As we were leaving Egypt before Phil and Lesley, we were only in Cairo for one day so we grabbed a taxi and went straight out to Giza to see the pyramids. They are very impressive and surprisingly uncrowded. We wandered around being hassled by the touts asking us if we wanted a camel or a plastic pyramid and because it was so hot, we became more and more frustrated with them. There were lots of kids outside the entrance all begging for money which was really annoying and all in all it was such a shame because the Pyramids are incredible but we just wanted to leave after a while. We found an open restaurant overlooking the site and sat and enjoyed our lunch wishing it wasn’t Ramadan as we really wanted a beer! We walked a long way back to the station where we met a young army officer who helped us buy our tickets. Again, he refused to take any cash from us and said he welcomed visitors to his country – I said it must be hard for him to refrain from drinking in this heat during Ramadan and he then told us he was a Coptic Christian – the only Christian officer in his battalion and how hard it was in Egypt not being a muslim. He was a lovely guy and we were again very surprised at the generosity of a people we had been told were all dishonest and unpleasant… In our experience, the Egyptians are sharply divided in their attitudes to visitors. The younger ones are so helpful and friendly and the older ones seem to despise us.
We managed to get back to Suez just on nightfall and of course the streets were alive with everyone coming out to break their fast. We found a street selling lots of street food and bought an amazing pizza type meal which we ate while we wandered back to the main street. It seems every single person in Suez was out enjoying the evening, with families, young lovers, teenagers and the elderly all sitting around – real people watching material.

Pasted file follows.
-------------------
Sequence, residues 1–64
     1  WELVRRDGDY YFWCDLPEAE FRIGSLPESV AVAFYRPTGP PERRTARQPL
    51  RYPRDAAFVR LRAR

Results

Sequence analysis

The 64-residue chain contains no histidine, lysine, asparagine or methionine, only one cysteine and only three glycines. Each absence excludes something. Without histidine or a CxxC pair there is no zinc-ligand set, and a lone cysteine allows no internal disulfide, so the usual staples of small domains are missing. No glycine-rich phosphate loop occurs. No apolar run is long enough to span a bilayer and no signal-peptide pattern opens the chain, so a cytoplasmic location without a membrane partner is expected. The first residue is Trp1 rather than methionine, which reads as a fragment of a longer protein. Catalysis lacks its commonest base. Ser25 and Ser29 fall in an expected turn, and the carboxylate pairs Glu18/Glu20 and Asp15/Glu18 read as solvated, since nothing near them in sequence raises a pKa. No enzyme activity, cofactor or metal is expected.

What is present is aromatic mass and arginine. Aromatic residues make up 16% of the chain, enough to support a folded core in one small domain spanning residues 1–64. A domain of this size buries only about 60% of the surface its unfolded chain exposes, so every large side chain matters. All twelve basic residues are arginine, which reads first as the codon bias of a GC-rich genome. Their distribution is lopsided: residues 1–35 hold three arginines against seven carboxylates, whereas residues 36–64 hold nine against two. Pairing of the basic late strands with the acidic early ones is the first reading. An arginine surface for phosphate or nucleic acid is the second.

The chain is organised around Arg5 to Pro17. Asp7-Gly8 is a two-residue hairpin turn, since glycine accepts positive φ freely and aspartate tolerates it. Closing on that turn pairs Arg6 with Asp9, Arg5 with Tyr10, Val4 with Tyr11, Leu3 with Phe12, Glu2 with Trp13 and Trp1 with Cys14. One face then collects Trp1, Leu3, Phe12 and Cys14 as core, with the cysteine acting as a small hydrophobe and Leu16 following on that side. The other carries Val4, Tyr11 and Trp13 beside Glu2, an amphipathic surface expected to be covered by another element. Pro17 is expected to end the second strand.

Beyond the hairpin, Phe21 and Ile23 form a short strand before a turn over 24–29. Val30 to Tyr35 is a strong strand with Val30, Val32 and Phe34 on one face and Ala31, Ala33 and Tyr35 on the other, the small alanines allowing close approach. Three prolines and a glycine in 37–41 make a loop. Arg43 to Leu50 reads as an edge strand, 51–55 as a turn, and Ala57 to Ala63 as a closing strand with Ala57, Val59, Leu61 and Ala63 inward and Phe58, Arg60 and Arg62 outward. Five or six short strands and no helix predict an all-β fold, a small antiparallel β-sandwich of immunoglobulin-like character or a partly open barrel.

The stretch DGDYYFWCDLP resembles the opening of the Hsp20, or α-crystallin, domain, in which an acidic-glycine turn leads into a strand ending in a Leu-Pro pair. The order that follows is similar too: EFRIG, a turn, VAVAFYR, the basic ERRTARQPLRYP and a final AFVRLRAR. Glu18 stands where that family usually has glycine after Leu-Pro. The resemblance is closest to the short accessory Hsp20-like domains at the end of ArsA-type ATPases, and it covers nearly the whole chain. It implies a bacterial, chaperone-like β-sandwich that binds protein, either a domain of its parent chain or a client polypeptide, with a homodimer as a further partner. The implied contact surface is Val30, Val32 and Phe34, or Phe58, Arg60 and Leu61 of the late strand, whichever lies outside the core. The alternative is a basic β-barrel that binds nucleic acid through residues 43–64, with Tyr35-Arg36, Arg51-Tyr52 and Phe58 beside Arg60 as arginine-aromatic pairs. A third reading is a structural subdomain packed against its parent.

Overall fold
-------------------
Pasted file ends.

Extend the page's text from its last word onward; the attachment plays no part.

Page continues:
We had arranged to transit the next day with our friends on Caracalito and were both told to be ready for 4am. Up and eager to go, we waitied and waited and in true Egyptian style our pilot wandered up at midday and clapped his hands saying ‘come on come on – we must leave now….’ as if we were the ones who were late! He was really lazy and just sat at the helm. Because it was Ramadan we didn’t have to feed him, because we reckon he would have wanted a whole chicken for lunch… He was quite abrupt and never smiled and when we arrived at Ismalia – the half way point where you tie up for the night and swap pilots, he told us our $20US cash and the cap we gave him as a tip was not enough and he wanted $30. He said he wasn’t interested in $20 so I said Ok and took it back. He then decided it was enough and with a sulk he left… He was an older Egyptian!
That night we had drinks on Caracalito and said our goodbyes to Egypt. A short but interesting stop. We were excited about getting to the Med.
Up at 4am the next morning to be greeted by a smiling pilot this time. He was very enthusiastic and helpful and enjoyed his job. We spent about 6 hours doing the second leg, passing enormous tankers headed for Asia and war ships even though we had been told there would be none during our transit. It was an interesting two days but we were very excited when we suddenly spied the Med. It had been a long, hot, dirty, frustrating and fun journey from Africa but now were were ready for Europe and the convenience of being part of the Western world again.